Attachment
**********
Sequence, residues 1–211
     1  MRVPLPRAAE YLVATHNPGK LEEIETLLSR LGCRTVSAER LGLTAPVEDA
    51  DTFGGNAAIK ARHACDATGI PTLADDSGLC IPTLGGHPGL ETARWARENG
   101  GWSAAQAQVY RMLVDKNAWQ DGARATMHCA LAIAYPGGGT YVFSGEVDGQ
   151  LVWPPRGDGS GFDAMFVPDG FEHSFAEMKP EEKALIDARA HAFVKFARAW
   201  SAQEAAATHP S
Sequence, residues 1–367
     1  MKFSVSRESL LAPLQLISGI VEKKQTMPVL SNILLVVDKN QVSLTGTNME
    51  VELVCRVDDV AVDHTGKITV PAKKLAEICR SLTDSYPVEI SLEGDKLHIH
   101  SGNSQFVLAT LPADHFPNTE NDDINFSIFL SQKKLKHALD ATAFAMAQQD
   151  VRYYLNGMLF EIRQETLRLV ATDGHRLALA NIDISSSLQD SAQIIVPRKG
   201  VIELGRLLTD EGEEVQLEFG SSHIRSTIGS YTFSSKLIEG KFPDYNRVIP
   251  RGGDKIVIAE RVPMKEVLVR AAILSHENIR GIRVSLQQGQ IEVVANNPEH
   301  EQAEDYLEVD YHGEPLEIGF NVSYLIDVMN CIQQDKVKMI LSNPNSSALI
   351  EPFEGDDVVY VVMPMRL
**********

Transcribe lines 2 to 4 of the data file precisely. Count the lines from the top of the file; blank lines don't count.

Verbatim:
     1  MRVPLPRAAE YLVATHNPGK LEEIETLLSR LGCRTVSAER LGLTAPVEDA
    51  DTFGGNAAIK ARHACDATGI PTLADDSGLC IPTLGGHPGL ETARWARENG
   101  GWSAAQAQVY RMLVDKNAWQ DGARATMHCA LAIAYPGGGT YVFSGEVDGQ